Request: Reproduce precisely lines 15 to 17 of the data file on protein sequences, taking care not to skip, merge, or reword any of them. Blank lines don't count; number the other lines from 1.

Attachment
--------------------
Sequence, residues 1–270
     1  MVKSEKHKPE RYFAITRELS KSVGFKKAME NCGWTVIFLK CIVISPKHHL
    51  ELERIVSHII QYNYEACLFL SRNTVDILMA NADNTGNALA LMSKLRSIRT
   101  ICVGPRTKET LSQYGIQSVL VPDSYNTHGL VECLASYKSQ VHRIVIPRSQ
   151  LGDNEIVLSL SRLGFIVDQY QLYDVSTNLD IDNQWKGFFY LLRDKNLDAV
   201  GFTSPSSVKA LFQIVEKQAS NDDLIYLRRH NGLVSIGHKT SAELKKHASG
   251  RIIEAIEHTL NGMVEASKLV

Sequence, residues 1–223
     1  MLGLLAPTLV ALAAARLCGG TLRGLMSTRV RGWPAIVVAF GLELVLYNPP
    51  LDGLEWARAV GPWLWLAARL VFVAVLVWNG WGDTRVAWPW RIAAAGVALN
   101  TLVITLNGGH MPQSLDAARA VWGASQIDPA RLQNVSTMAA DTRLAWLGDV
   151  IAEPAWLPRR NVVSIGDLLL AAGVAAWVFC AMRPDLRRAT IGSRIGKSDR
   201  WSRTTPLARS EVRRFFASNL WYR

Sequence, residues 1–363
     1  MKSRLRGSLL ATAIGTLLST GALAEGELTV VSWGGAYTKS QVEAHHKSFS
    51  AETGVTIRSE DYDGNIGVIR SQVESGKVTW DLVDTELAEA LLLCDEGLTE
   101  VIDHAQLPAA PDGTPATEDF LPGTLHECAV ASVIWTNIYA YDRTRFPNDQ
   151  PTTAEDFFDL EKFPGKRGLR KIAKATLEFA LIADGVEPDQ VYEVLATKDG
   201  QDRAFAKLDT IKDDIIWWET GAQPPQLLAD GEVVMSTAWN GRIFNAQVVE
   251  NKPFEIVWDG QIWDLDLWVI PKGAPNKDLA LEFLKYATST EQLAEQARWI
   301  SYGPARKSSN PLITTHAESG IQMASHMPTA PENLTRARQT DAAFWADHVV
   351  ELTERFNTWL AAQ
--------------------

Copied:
     1  MKSRLRGSLL ATAIGTLLST GALAEGELTV VSWGGAYTKS QVEAHHKSFS
    51  AETGVTIRSE DYDGNIGVIR SQVESGKVTW DLVDTELAEA LLLCDEGLTE
   101  VIDHAQLPAA PDGTPATEDF LPGTLHECAV ASVIWTNIYA YDRTRFPNDQ